The Oak Wood Room
They came from America, from France, from Germany, from all around the Western world as a matter of fact, and some even from Japan. They were meeting on the 179th floor of the state-of-art skyscraper that was finished only 5 years ago, covering the alleys far below with her constant shadow. For a short while it was the world’s tallest building.
They leased the top five floors. Two exclusive elevators built against the outside wall of the tower with stunning view during the flight, operated just for these top floors. That was status. Top of the top. But since you can’t really meet on five floors at once, only one was transformed into a majestic medieval hall with heavy oak wooden panels covering the three walls. It was the Oak Wood Room, but insiders revered to it as the ‘West’. Bookshelves opposite the large marble-framed fireplace with a fire going that never needed wood, were filled with books no one ever read. A large window that took up the complete outside wall provided sufficient light for the centrally placed, heavy 16-seat long walnut table and small groups of original Chesterfield chairs and a view befitting men such as these. Respected members of the society. Men of wealth.
Men of power. Rare species, so they told themselves. Some had worked to come this far, others were princeling of old reigning families. Their air of superiority and unbridled pride was proof to their belief. Their talk even more. With the world in their hands and presidents in their pockets, classified topics changed as casually as their wives’ gossips by their coiffeurs. From carefully kept-out-of-sight offshore investments in mysterious and unknown but otherwise disputable companies to broadly broadcasted celebrity charity balls benefiting the lowly and pitiful, giving hope to the hopeless –and hope is really all these poor chaps need, isn’t it? From winter homes near the royal families in Davos to summer palaces among the artists and autocrats around Cannes; from the latest of the good old ‘les énarques’ of the French upper-class and the ‘old boys network’ of England’s high society and Yves League of America’s high-flyers and Japan’s exclusive Todai, to future financial and political maneuvers that secure the world; their world at least. And that was exactly what today’s gathering was all about.
Far beneath the West, in the everlasting chilling shadow of the tower, in the dark and dangerous back alley, another meeting was in session. The dusty dim lit bar was now deserted except for a few noisy men sitting among the debris of last night’s party activities. Although the atmosphere was festive, each knew his place and all kept their distance. Like dogs on their guard. Not so long ago, an internal disagreement had lead to the disappearance of one and the demotion of another. But such is life in this Party: if you don’t take risks, you won’t get rich. But if you do take risks, make sure you have the right connections; the right guanxi as it was called by insiders, for else, you won’t have a life. Such was the Party’s game and they all knew it. And their fathers knew it, as did their fathers’ fathers. That’s how they all were able to become men of wealth. Men of power. Rare species, so they told themselves. Some had worked to come this far, others were princeling of old party families. Their air of superiority and unbridled pride was proof to their belief. Their black oversized limousines were statements that needed no words. And words they used little. Money all the more. And much of that was needed now. And that was exactly what today’s gathering was all about.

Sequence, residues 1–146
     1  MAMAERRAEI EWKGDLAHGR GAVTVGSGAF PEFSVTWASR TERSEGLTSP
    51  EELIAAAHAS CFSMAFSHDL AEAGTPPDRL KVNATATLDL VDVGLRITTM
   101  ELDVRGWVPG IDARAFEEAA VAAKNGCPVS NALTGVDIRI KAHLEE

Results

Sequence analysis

A shadow was cast over the otherwise sunlit West. The hearth fire that needed no wood now seemed in need of oxygen. Despite the smiles and pretensions, the subtle jokes and controlled laughter, tension filled the room. Everyone knew it, but no one said it. Can one control the world yet loose his own house? Was power than nothing but water held in two hands? Streaming away the harder you squeeze to hold it? Had they not caused companies to bloom and companies to collapse? Their money movements had created continental crises; their donations had directed presidents –no matter the country or color- in their decisions; their network had caused nations to declare war or settle for peace. Civil wars were fought and environmental activists suppressed. Behind a veil of shiny concepts, like ‘representative government’, ‘direct elections’, ‘democracy’, ‘freedom’, ‘capitalism’ ‘free market’, and many more, were the movements that really mattered, or was it?